A prime example is CIES' role in helping to promote global standards in sectors such as food safety and technology. CIES continues to help advance the industrywide Global Food Safety Initiative, a 5-year-old effort that aims to strengthen consumers' confidence in the food they buy in retail outlets. GFSI initially designated criteria to judge existing food-safety standards, and has recently been determining which standards are compliant. Standards previously found compliant include those from the United Kingdom and the Netherlands, and a U.S. standard, SQF (Safe Quality Food) 2000, which is owned and operated by Food Marketing Institute, Washington, through the SQF Institute. Suppliers of private-label items use these standards in order to keep the business of their retail customers. GFSI has recently been expanded to include a focus on agricultural produce.
"This is more complicated than industrialized products," McClay said. "There are already high local standards and codes for agriculture that go well beyond what's required by law. So, GFSI is looking at internationally recognized benchmarks."
One of these is SQF 1000, which has been recognized as meeting the qualifications of GFSI. The SQF 1000 code, which aims to increase food safety at the farm and primary produce level, is owned by FMI.
The GFSI guidance document is updated every year and individual standards are reconsidered at that time. The benefit of this entire process is open markets for retailers, McClay said.
"So, hypothetically, small or medium suppliers of preserves in France or Germany would have better access to British retailers," he explained. "Or, major retailers would know that a small shrimp supplier in Thailand conforms to standards."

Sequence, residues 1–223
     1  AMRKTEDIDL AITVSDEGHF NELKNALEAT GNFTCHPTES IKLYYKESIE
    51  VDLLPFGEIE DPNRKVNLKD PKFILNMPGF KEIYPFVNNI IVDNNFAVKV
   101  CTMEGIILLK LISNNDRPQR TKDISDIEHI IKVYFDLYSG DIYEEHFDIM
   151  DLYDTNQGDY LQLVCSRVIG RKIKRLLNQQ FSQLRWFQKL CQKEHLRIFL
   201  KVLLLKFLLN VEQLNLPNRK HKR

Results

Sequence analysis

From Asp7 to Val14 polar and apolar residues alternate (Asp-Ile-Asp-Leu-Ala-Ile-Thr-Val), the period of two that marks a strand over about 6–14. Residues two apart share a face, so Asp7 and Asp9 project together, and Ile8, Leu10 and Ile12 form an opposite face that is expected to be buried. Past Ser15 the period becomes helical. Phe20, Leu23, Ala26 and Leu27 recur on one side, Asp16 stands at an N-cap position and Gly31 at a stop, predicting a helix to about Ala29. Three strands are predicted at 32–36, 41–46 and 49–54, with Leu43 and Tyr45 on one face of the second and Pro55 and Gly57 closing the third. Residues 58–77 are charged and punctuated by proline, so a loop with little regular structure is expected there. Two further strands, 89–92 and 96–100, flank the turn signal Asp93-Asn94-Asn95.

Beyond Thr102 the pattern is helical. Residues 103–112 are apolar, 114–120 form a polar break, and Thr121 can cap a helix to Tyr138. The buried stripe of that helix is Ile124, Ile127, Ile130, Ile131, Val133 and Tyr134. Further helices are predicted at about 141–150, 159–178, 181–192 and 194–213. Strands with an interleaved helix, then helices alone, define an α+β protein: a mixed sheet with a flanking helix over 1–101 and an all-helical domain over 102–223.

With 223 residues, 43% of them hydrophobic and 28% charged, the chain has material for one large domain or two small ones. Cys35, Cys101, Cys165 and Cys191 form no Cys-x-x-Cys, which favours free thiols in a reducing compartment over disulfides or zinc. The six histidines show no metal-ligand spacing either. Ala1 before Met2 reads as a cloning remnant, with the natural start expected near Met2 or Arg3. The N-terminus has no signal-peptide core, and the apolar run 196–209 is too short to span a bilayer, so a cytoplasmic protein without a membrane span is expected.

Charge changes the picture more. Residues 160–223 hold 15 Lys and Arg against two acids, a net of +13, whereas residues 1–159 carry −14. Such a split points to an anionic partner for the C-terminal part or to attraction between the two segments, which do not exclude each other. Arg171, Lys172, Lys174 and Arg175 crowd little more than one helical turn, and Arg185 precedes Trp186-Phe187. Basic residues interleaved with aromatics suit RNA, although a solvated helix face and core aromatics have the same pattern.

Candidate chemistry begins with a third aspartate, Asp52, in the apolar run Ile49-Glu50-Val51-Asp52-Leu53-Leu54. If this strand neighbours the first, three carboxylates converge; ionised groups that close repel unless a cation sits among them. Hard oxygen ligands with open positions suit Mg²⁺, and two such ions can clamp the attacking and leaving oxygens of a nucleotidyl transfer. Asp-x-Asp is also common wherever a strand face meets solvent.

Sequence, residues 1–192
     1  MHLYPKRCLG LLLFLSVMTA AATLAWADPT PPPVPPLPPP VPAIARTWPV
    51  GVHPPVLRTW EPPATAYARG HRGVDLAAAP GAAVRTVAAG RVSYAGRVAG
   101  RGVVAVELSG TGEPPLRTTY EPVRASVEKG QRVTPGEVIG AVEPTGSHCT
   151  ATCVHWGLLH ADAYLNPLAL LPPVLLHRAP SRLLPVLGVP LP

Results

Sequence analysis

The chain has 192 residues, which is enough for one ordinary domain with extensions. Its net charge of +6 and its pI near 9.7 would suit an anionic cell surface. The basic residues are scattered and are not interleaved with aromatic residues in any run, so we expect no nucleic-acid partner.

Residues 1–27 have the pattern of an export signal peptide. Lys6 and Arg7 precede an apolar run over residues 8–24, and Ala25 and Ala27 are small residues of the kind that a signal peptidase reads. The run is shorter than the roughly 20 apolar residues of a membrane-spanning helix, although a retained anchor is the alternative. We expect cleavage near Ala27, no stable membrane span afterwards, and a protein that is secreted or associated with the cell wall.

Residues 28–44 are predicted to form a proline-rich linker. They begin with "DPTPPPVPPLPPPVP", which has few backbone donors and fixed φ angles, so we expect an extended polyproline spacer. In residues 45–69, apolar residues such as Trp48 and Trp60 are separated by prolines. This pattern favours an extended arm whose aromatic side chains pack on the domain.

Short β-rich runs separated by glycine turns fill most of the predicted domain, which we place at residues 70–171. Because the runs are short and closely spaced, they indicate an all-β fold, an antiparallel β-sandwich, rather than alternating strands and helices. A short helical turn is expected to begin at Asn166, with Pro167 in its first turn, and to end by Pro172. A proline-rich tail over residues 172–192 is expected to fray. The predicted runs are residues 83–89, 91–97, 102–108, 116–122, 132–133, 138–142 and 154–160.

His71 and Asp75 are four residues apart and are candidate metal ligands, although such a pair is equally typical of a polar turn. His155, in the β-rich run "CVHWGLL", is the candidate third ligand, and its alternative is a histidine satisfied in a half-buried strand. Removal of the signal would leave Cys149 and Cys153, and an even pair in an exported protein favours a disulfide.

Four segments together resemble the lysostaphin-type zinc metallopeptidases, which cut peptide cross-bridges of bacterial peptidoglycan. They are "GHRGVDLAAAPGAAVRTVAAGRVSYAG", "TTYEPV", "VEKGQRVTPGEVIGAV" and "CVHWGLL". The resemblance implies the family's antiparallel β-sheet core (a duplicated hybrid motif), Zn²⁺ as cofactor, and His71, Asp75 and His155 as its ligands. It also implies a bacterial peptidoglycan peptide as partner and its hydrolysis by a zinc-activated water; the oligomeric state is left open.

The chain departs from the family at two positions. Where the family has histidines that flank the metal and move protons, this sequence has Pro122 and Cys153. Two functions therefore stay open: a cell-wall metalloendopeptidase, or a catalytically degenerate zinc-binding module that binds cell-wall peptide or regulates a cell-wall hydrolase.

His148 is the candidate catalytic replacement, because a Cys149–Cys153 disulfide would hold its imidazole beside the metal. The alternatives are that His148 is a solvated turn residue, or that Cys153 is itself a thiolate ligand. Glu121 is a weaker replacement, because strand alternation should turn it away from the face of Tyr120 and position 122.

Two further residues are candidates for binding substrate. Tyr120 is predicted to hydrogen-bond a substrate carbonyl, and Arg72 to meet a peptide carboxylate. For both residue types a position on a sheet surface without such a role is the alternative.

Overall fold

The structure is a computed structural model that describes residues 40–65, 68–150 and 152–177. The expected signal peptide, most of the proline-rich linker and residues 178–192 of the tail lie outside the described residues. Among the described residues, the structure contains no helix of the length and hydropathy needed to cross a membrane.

The initiative has the potential to reduce the need for retailers to separately audit each supplier, but that shift would only happen gradually. "Retailers are still doing the thorough work of making sure their own private labels are closely monitored," he said. "It takes time to change behaviors. But the availability is there for retailers to make more use of the GFSI work."
CIES is also actively supporting global standards on the technology front through its conferences and involvement with numerous industry technology organizations. A CIES conference last fall called "Tag, Trace and Synchronize" focused on the need to support synchronization.
"Product data quality in electronic communications between buyer and seller is a big issue that has only recently come to the forefront," McClay said. "Retailers are up against poor data from manufacturers. This causes out-of-stocks. It's important to get data synchronization on the road."
CIES also wants to widen the road between its organization and geographic sectors around the world, McClay said. The organization is redoubling efforts to ensure that it fully represents the global food retailing arena. This includes the expanding markets of Central Europe, Southeast Asia, China and Latin America. It also includes Japan, as the second biggest world consumer market, he said.
"We are making sure that CIES represents all markets, including the newer ones," he said. "We are making sure that all five continents are represented on CIES' board with active companies."